It’s that time of year again! Time to celebrate the Resurrection with a weeklong plunge into all things zombie! Here’s the history: In 2008, Dr. Girlfriend and I decided to spend a week or so each year marathoning through zombie films that we’d never seen before, and I would blog short reviews. And simple as that, the Easter Zombie Movie Marathon was born.

For the curious, here are links to 20082009 (a bad year), 201020112012 (when we left the blog behind), 20132014201520162017201820192020, and 2021.

All of Us Are Dead Season 1, Episodes 1-6

Based on the webtoon Now at Our School by Joo Dong-geun (2009-2011)

Directed by Lee Jai-kyoo & Kim Nam-su

Written by Chun Sung-il

I had nothing but praise for the first half of All of Us Are Dead, and while the final six episodes don’t suffer from a drop off in quality, it does become a little exhausting by the time we cross the finish line. Although, to be fair, we do get a few shorter episodes as the show reaches its climax; 53–55-minute episodes instead of 57-66-minutes. And just like the first half, there’s a ton of story packed into those minutes, making every installment feel practically like a feature film.

I’m going to try to avoid spoilers here, since every episode ends on a fantastic cliffhanger, and I don’t want to give too much away. I mentioned a sci-fi twist at the end of Episode 5 and vaguely complimented the way Episode 6 begins to play it out, well this becomes a central feature to the show moving forward, so I’m going to go ahead and talk about it.

If you want to avoid it, just back out now and stick with the first half of the season review and know that this is a rave. Watch this show. Go on. Do it.

Okay, the twist is that some people, when bit by the zombies, don’t change completely. They have heightened senses, are stronger than normal, and can’t be killed. They also have limited control over their hunger. Oh, they still want to eat you, but with effort can talk themselves out of acting on the impulse.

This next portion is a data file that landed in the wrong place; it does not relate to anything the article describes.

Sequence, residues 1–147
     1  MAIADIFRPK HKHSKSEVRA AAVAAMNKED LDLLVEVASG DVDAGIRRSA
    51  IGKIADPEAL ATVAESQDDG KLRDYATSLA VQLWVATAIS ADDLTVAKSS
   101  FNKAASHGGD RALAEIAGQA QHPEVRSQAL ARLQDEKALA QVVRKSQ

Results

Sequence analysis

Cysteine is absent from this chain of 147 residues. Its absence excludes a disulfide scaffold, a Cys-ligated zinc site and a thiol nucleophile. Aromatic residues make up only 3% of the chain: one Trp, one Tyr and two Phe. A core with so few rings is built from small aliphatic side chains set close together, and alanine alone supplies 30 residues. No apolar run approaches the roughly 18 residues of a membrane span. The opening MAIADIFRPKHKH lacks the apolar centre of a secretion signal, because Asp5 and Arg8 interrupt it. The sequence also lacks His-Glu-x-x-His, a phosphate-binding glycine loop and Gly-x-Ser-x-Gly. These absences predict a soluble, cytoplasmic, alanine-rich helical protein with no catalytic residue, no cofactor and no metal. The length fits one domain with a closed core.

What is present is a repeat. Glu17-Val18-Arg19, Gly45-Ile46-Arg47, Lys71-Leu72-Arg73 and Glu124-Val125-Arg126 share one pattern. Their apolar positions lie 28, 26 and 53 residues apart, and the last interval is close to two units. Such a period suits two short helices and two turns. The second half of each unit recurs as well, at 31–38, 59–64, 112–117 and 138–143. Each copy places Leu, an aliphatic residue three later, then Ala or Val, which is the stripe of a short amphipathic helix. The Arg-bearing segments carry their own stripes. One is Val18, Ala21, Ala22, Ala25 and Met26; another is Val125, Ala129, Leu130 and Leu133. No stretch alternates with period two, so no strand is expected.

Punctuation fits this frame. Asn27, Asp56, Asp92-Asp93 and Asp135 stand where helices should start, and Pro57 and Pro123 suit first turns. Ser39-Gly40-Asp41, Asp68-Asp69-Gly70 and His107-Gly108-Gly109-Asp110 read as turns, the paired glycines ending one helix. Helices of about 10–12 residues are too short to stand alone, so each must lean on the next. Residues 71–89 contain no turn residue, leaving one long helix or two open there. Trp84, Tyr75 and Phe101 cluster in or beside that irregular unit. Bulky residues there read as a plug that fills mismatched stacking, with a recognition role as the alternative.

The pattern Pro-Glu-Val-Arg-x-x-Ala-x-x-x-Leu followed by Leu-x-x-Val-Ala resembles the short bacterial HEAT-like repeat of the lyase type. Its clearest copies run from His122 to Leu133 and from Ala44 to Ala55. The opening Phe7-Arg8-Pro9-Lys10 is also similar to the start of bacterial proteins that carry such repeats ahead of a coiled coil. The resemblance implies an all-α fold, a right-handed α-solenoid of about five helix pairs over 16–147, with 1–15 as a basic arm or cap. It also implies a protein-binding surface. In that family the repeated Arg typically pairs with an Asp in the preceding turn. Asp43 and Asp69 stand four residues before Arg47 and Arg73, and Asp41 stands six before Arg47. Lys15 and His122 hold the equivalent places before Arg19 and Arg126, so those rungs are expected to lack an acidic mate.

We get three characters who go through this transformation, Gwi-nam (Yoo In-soo), who is basically chaotic evil, Nam-ra (Cho Yi-hyun) who is chaotic good, and Eun-ji (Oh Hye-soo) who is the chaotic neutral. I know those aren’t entirely accurate classifications, but I don’t play D&D so forgive me. Gwi-nam becomes the main villain of the show, relentlessly hunting down our heroes in order to exact revenge on Cheong-san (Yoon Chan-young) for putting out his eye and tossing him to the zombies – although he kind of enjoys the monster/human hybrid he’s become. Nam-ra steps up and becomes part of the group for real, using her new abilities to provide warnings of danger and to help face down Gwi-nam and other zombie threats.

Eun-ji is the most interesting to me, though. After being bullied, molested, and left for dead, she has no more fucks to give. In one of my favorite moments, in an act of pure liberation and glee, she sets the school on fire and then rides off into the city on a bike, as carefree as could be. Sure, the sprinklers go off and the fire is contained, but she doesn’t know that and for the first time in the entire series, we get to see her happy.

It’s sweet, in a totally nihilistic way.

As the show builds, we follow two groups of students, our main heroes mentioned above and in the previous review, and a quartet of characters who include the obnoxiously adorable senior Park Mi-jin (Lee Eun-saem), Yoo Jun-seong (Yang Han-yeoi) who just wants to not be dealing with any of this, and two archery students, Jung Min-jae (Jin Ho-eun) and Jang Ha-ri (Ha Seung-ri), who happens to be Woo-jin’s (Son Sang-yeon) older sister and a badass archery hero. He’s in the other group, but his sister doesn’t know if he’s alive or dead.

Both narrative lines are loaded with drama, danger, and potential death and when they finally, inevitably converge, there’s a feeling of satisfaction and maybe even a little hope that they might all make it out alive.

They don’t, but I’ll let you watch to find out who makes it to the end.

The series conclusion is satisfying, in a bleakly dark way. They still manage to leave us with a little bit of hope, though. Be prepared for a lot of crying and deep realistic emotional responses to all the horrific death and violence these kids get swept up in. And we end with a world that has fundamentally changed, while on some levels, remains exactly the same as before, just like in the real world. There are enough plot threads left dangling to give us a good launching point for a future second season, but if that doesn’t happen, All of Us Are Dead can stand as a solid one-and-done.

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